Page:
The Malta Independent 30 November 2022, Wednesday
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Ombudsman suggests anti-deadlock mechanism for 2/3 majority parliamentary appointments

Thursday, 29 September 2022, 13:59 Last update: about 2 months ago

The Parliamentary Ombudsman, Anthony C. Mifsud, presented the Ombudsplan 2023 to the Speaker of the House of Representatives on Thursday.

The Ombudsplan 2023 highlights the urgent need for an anti-deadlock mechanism to unblock situations where the required agreement of two-thirds of parliamentary support for certain appointments is not reached, and makes recommendations to this effect.

This is especially relevant due to the current situation regarding the Office of the Standards Commissioner, as Hyzler is about to leave for a new post, and the office will be vacant.

The Ombudsman is proposing the following for roles that require a 2/3rds appointment and are tied to Parliament, such as the Ombudsman, Auditor General and Standards Commissioner.

When there is a vacancy, or the term of office expires for one reason or other, the Speaker would issue a public call for a show of interest for those eligible and qualified to occupy the post.

The Speaker would then, confidentially, issue the responses he received from interested persons to the Select Committee that would be composed of two members from each side of the House of Parliament, presided over by someone who would have at some point occupied a constitutional role that had requires a Parliamentary resolution approved by a 2/3rds majority.

That committee would listen to the people who expressed interest and who would be, in its opinion, ideal to occupy the post. After this scrutiny, it would notify the Prime Minister and Opposition Leader with two names of those people, and if it is the case would indicate their order of preference. The Prime Minister and Opposition Leader would have a determined period in which they would consider what was submitted to them and reach agreement about the person who should be submitted for approval by Parliament. Their decision does not necessarily have to be in favour of one of the two people indicated to them by the committee, the Ombudsman says.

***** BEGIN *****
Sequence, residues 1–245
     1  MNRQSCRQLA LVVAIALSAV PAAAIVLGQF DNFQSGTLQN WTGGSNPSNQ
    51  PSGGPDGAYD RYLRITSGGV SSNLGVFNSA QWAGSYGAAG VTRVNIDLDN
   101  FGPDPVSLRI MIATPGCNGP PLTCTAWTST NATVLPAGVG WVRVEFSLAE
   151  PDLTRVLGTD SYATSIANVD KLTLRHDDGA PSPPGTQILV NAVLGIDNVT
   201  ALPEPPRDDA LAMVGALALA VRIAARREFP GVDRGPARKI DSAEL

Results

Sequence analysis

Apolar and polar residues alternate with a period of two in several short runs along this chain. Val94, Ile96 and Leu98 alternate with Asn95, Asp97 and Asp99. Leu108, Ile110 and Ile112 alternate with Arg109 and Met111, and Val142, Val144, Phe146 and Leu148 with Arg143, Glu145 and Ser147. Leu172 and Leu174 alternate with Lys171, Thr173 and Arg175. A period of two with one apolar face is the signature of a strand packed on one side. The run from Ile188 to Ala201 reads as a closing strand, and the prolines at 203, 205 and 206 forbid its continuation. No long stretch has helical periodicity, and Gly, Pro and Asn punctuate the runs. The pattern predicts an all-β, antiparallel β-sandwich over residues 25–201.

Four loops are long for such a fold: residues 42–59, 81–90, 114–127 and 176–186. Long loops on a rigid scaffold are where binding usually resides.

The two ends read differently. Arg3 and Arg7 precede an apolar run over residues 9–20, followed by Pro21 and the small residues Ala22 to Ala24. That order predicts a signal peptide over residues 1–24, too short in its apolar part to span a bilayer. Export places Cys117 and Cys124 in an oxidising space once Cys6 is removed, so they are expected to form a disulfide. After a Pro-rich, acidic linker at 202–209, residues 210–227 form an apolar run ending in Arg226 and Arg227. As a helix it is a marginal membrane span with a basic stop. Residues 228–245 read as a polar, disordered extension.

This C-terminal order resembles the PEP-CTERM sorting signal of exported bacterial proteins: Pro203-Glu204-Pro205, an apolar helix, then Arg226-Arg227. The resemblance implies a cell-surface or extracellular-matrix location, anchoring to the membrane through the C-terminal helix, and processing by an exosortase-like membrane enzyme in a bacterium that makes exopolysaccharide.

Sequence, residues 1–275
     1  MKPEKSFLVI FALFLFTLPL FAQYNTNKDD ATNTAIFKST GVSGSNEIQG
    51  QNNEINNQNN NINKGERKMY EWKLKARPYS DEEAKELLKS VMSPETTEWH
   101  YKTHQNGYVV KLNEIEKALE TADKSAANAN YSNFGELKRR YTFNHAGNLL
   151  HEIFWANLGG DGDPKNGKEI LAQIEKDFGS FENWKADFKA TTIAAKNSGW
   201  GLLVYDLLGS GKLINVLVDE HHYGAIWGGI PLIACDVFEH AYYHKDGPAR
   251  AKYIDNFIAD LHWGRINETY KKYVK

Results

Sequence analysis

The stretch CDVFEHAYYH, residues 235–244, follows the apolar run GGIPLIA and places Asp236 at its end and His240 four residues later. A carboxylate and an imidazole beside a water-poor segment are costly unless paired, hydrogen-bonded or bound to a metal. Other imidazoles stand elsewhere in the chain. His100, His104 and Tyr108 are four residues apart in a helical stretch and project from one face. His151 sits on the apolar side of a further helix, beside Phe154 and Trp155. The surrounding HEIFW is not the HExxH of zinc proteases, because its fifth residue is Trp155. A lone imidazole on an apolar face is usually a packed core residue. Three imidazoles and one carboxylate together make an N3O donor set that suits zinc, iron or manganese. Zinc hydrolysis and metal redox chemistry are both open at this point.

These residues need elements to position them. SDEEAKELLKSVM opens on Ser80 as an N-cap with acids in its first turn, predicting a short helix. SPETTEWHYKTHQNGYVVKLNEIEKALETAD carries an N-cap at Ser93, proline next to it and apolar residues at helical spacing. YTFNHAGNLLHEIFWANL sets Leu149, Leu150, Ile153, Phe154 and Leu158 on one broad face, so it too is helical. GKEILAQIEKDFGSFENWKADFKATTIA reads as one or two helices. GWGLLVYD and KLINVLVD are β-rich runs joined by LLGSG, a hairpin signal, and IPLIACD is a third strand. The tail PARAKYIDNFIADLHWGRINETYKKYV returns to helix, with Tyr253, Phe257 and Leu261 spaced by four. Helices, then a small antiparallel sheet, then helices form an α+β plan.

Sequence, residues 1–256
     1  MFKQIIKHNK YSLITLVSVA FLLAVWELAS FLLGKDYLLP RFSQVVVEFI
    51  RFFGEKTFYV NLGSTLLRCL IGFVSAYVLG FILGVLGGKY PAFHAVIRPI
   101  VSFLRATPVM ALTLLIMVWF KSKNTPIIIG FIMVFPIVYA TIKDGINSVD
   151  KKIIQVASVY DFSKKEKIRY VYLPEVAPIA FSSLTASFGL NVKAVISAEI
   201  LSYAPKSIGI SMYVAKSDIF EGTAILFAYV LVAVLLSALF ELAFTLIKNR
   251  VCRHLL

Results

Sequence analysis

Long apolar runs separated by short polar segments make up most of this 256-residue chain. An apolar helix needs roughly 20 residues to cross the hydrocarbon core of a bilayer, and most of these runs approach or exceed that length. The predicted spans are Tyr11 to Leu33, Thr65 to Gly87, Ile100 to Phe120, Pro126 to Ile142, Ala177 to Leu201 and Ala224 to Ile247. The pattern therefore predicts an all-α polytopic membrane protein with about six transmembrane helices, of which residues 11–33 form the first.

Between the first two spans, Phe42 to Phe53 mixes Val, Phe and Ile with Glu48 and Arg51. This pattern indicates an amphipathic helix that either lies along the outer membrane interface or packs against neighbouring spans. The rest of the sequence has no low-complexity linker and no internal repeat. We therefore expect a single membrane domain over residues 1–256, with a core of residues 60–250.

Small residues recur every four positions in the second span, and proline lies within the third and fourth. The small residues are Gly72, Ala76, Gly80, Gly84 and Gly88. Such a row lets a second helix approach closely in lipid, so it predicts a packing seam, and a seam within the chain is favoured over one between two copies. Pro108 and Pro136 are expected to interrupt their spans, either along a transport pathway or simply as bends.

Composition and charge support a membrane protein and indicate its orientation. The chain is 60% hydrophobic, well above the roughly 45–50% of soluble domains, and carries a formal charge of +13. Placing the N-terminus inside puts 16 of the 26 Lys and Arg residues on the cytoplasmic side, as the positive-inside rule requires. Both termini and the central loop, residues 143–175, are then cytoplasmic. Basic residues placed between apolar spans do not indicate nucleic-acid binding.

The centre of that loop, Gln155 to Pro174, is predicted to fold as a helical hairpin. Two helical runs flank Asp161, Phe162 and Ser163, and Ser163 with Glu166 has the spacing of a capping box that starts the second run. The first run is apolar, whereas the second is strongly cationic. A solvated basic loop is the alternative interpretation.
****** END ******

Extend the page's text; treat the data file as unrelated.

The Prime Minister and Opposition leader would then have to, in a joint note, inform the Speaker of the House about their agreed decision, or that within the stipulated time it was not possible for them to reach agreement.

In the first instance, where agreement is found, the Speaker would issue a motion for approval from Parliament, that would eventually lead to the President formalising the appointment of the chosen person. In the second instance, if agreement between the Prime Minister and Opposition Leader was not found, the Speaker would tell the President that there was no agreement and consequently, the choice will be left in his hands to nominate someone who would be eligible and who, in his personal judgement, feels would be most ideal to occupy the post. For this aim, the Speaker would send the committee paperwork and all relevant documentation to the President.

This process should be in a framework with short time periods that overall do not need to extend more than 8 weeks from when the Speaker issues the public call.

As in previous years, the Ombudsplan 2023 also highlights issues that the Ombudsman considers that deserve particular discussion, namely the culture of sanctioning and the need for an efficient public service with sound values.

The Ombudsplan will be tabled in Parliament after it reconvenes from the summer recess and will be discussed later during a special sitting of the House Business Committee.

The Ombudsplan can be downloaded from here

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